HGL with GHC in Win32

Alastair Reid reid@cs.utah.edu
23 Jun 2002 15:31:55 +0100

>> I guess the Win32 version has fallen behind.

> Yet in other aspects, the SOE version is ahead.. Would it be
> possible to resynch the various versions? 

A long-term goal is to refactor the code into a portable layer, a
layer which can be ported (i.e., a maze of ifdefs) and a
machine-dependent layer.  I'm not sure when I'll get to that - work,
my current ffi hacking and some personal stuff are consuming all my

> Or, even better: once the various ffi implementations have settled
> down to the latest spec,

The CVS copy of Hugs implements the current spec.  (But works only on
Linux and (perhaps) Windows) at the moment and has a habit of changing
critical details of how you use it every other day at the moment...)

> and <dream>HOpenGL works with all Haskell implementations</dream>,
> perhaps HGL could be ported to HOpenGL - to eliminate all further
> portability issues (missing features under X, etc.)..

I think the basic HGL API would work on a lot of platforms.  I don't
know enough about HOpenGL to be sure but I think it's easier to
implement HGL on than X11 or Win32 were.

>> What really needs done though is to introduce a single semaphore to
>> control all access to all parts of the HGL data structures -
>> atomically accessing each part of the data structures doesn't
>> necessarily protect all the system invariants.

> I'll leave that to others:)

I see it as part of a complete rewrite of the system - adding
preemptive concurrency to a cooperatively-threaded program is very
hard to get right.

> Btw, you use yield before a potentially blocking call - would the
> latter run into the problems (default-configured) ghc has with
> blocking foreign calls (see multithreading support in the ghc
> commentary)?

The way HGL works is that an event comes in, triggers a lot of work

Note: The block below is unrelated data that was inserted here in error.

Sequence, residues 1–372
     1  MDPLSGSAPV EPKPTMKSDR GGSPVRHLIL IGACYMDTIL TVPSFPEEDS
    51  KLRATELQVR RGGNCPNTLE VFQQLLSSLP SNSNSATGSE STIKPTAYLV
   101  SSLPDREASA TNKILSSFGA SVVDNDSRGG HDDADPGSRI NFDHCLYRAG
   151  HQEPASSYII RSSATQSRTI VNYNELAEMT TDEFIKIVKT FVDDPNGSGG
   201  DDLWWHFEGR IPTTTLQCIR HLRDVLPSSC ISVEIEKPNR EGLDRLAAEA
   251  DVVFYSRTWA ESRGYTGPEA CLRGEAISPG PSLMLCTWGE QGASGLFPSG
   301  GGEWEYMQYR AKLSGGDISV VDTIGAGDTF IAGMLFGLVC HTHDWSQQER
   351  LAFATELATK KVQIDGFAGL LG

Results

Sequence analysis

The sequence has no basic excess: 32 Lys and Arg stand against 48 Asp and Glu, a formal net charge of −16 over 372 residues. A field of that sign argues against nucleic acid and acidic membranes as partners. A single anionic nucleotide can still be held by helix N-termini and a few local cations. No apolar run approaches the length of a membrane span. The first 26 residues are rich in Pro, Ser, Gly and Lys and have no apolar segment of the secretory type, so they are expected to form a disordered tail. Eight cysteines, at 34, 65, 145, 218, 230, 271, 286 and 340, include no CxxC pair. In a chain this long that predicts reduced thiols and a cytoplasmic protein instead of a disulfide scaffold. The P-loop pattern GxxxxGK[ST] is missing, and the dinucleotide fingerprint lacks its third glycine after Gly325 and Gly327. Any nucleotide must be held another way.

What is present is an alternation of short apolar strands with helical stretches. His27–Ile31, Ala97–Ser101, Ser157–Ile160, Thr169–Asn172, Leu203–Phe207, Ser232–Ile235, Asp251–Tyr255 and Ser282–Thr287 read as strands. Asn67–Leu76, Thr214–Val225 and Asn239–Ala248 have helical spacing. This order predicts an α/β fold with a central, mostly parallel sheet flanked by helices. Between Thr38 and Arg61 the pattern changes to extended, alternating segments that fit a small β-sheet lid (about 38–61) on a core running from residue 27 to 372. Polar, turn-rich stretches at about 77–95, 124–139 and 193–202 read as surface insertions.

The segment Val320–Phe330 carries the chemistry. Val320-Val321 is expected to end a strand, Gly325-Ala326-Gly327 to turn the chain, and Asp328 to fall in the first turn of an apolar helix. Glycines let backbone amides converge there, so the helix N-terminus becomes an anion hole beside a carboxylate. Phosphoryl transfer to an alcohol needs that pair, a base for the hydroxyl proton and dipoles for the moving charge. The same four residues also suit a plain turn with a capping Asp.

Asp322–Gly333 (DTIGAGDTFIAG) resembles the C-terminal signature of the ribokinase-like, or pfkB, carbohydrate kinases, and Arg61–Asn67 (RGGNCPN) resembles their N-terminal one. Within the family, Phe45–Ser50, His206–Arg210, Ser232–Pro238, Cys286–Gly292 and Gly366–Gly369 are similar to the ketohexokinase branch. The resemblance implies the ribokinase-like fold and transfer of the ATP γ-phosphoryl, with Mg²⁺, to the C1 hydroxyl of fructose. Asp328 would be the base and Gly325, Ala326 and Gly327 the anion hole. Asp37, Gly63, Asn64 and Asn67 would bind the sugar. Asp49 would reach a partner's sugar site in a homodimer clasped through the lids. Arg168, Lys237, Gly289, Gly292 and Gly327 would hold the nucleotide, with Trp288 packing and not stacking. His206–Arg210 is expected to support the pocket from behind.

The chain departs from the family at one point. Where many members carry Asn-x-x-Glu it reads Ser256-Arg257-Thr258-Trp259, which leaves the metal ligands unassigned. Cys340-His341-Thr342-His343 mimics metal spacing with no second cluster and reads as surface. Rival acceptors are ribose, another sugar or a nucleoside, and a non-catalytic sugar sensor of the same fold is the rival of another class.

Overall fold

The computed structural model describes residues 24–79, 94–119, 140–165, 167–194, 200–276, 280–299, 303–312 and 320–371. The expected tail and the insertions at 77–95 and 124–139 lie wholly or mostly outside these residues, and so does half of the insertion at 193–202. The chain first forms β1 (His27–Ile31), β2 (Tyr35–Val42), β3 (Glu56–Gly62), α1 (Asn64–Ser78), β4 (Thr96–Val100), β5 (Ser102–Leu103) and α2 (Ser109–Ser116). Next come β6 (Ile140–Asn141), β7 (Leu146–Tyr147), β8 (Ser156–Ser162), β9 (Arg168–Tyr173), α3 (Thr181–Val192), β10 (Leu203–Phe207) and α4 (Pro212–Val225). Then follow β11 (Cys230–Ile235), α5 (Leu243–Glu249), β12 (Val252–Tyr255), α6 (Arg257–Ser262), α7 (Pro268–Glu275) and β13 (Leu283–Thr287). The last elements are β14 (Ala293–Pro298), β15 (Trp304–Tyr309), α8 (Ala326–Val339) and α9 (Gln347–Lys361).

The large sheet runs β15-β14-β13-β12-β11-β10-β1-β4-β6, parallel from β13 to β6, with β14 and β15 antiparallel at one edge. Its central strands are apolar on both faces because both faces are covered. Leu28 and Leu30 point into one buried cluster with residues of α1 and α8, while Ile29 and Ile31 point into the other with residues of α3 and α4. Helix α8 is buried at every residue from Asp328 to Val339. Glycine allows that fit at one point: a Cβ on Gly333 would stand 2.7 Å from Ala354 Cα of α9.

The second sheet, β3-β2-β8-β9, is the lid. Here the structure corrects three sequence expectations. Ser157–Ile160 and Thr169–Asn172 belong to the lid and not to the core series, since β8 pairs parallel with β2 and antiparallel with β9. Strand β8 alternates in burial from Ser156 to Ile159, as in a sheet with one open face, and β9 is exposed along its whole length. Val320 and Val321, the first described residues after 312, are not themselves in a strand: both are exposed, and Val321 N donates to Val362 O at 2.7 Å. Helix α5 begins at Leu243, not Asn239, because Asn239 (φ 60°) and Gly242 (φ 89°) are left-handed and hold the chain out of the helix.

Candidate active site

which eventually terminates, and then we block for another event. 
The idea of the yield is to make sure that all other work has
terminated before we make that blocking call to get the next event.

> Or is this what you referred to with GreenCard's safecode?

Looking a bit harder at it, it seems I was a bit confused...

The ffi distinguishes  3 levels of safety: 

  unsafe  = not reentrant, only calls RTS system calls from a very 
            restricted list  (e.g., freeHaskellFunPtr should be on
            that list)

  safe    = can call arbitrary foreign exported functions which, in turn
            might cause a garbage collection to happen (which is what you
            refer to later)

          = safe but may invoke a blocking function so has to run on a
            separate thread.
I think GreenCard's %safecode generates safe ffi calls.  I'm not sure
if GreenCard can generate trheadsafe calls.

And I have no idea what threadsafe should mean for Hugs - I could
throw a call to yield into the translation and hope that is enough
(but, in general, it is not).

>> > And how would cross-ffi garbage-collection issues affect window >
>> parameters at startup?
>> Not sure what you mean - I can't think of any new issues in GC
>> which aren't present in Hugs.

> I was just trying to understand what safecode does, and the
> GreenCard docs say it's about foreign code that might trigger GCs.
> Which is allright, but at startup (when the window size parameters
> are ignored) there shouldn't be any GCs, so the question was how the
> lack of safecode is supposed to cause the effects I see.

Sorry.  That was me confusing safe with threadsafe.

> Thanks, that should help - I'll try it next week. I had all kinds of
> problems with the CVS makefile, not only that it doesn't like to be
> used in isolation, but complaints about missing files in the win32
> package itself, which seems rather unlikely (perhaps a side-effect
> of the cross-CVS dependencies?). 

That sounds like my experience of the hslibs tree - once it has been
assimilated it is really hard to use it in isolation.

The file Win32Dialogue.gc does genuinely seem to be missing something
- but it sounds like you had more problems than just that.

> Also, I'm quite confused about the current CVS structure - I'm
> looking in fptools/hslibs, but shouldn't all that have moved into
> the new libraries somewhere?

The new library structure is a work in progress - it'll move over eventually.  

This will gain momentum once Hugs switches over to using the new
hierarchial libraries.

And that will gain momentum once Hugs switches over to the new FFI.

Alastair Reid        reid@cs.utah.edu        http://www.cs.utah.edu/~reid/